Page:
Imagine if performing physical therapy could be as engaging and entertaining as playing a video game.

That’s the genius behind RxGames, a Columbus startup that makes exercise fun and accessible for people with injuries or disabilities. The goal is to help patients stick with the rehabilitation work that is customized to improve individual outcomes.

“The exciting thing about this company,” said Rob Doone, RxGames President & CEO, “is that we can help therapists and the industry make a real difference in people’s lives.”

Customized Exercise and Therapeutic Monitoring

Studies show that only about half of patients complete at-home clinical therapy, and only about 35 percent attend all their authorized clinic visits.

“The challenge,” Doone said, “is to increase patient engagement and accessibility. The industry is looking for new ways to help people complete therapy and get better. The best way to engage patients is to make them happy doing their exercises.”

With names like Recovery Rapids, Space Escape, Clown Chase, and Pirates Peril, RxGames’ gamified approach to rehabilitation might sound like more play than work, but it’s just the opposite.

Instead of sending a patient home with a to-do list of exercises, a therapist assigns exercises through RxGames. Games can be played at home with minimal equipment. A patient’s body becomes the game controller.

“Patients download the games delivered through a smart phone, which can also be synched and projected with a television screen,” Doone said. “What has helped move this solution forward is the evolution of technology. The hardware is ubiquitous, and the cameras on an iPhone are so good now that they can capture skeletal movements.”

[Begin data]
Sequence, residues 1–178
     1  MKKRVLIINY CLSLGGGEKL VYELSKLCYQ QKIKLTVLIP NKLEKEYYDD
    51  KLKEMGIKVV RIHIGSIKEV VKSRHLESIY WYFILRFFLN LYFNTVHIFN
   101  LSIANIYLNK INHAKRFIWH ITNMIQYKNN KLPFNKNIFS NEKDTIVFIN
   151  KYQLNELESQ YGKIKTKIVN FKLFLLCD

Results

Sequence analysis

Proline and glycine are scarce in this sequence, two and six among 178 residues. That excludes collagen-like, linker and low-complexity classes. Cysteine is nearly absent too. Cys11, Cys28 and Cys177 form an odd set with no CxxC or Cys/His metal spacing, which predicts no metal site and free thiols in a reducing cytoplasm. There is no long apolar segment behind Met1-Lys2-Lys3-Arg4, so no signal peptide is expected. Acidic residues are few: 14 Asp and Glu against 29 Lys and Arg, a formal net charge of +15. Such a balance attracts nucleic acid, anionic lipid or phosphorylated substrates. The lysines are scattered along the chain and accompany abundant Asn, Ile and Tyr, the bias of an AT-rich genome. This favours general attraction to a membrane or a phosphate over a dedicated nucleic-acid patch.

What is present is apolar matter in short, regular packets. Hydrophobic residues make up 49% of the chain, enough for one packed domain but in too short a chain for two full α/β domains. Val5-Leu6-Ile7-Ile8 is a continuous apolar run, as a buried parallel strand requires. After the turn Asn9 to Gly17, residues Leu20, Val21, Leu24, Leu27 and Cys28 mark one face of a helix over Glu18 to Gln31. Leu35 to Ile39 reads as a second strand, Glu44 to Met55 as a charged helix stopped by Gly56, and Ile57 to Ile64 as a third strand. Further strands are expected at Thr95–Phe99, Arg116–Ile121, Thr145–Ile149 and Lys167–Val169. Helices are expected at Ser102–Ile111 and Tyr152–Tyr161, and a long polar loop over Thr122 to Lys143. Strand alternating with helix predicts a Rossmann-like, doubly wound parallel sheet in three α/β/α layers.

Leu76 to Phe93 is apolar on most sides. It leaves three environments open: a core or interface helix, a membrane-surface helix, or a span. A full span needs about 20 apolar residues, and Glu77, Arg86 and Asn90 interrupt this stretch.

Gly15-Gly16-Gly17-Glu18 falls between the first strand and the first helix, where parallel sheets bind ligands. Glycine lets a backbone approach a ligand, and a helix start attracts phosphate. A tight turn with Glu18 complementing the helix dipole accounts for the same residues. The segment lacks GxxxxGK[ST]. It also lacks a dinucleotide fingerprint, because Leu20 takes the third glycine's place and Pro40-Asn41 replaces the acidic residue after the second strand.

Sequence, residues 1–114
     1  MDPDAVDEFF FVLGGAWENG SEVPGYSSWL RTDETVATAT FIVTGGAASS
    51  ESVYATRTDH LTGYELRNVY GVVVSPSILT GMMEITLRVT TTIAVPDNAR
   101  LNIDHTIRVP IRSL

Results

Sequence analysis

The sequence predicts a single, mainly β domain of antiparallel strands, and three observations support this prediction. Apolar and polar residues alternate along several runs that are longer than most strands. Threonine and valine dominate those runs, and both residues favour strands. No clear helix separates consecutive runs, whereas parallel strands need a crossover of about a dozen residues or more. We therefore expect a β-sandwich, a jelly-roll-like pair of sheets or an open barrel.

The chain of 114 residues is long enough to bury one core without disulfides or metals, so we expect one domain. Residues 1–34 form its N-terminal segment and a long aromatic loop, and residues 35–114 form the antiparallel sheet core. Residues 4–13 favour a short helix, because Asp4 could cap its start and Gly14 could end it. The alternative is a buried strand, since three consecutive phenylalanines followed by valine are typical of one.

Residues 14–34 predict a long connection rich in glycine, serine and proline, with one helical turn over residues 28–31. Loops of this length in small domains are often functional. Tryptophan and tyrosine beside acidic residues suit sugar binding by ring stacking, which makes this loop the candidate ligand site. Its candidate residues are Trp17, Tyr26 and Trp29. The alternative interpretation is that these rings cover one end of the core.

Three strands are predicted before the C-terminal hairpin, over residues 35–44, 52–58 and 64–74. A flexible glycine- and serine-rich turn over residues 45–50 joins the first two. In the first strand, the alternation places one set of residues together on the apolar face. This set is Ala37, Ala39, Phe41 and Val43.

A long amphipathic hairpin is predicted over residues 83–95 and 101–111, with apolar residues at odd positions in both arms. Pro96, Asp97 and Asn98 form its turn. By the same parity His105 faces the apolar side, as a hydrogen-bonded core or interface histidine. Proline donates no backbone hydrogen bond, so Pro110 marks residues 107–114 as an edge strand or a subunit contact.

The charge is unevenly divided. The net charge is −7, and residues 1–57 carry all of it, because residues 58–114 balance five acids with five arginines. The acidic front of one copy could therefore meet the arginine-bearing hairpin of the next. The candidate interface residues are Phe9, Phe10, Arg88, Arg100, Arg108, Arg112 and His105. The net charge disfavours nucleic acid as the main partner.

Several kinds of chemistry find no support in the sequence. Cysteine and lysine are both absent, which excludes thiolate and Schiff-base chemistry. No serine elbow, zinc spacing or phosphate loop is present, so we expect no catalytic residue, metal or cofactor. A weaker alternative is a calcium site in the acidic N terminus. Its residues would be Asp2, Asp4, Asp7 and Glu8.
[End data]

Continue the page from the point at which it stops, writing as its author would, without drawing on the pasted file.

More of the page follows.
The games change with patient use, mixing things up to keep exercises interesting. The application records patient results and automatically adjusts to become more difficult for the patient that is making progress or adapted to the needs of a patient who may be having more difficulty.

A spinout of The Ohio State University (OSU) and research-based

“The genesis of the business is research done by Co-founders Lynne Gauthier and Roger Crawfis,” said Doone.

Dr. Gauthier, chief scientific officer of RxGames, is a licensed clinical psychologist specializing in neuroplasticity and neurorehabilitation. Dr. Crawfis, chief technical officer, brings more than 35 years’ experience in the software industry, with expertise that ranges from scientific computing to visualization and computer games. The RxGames suite of games was designed collaboratively by therapists, scientists, and patients to train balance and strengthen arms, legs, and core.

“They conducted extensive clinical studies about how incorporating video games into therapy can impact patients,” Doone said. “The VIGoROUS Study, a large multi-site study was released last year. This expansive study of 160 patients proved that under the direction of a clinical therapist, using video games enhances therapy outcomes and can be done at the patient’s home without a therapist present.”

RxGames is engaged in beta relationships with several early adopters. “The key to our success is that we make our solution very easy to adopt for therapists and engaging for patients by making them happy doing their exercises,” said Doone.

“Patient engagement is the biggest challenge in our industry. RxGames offers a way to conquer that problem. Therapists and patients achieve better results,” he said.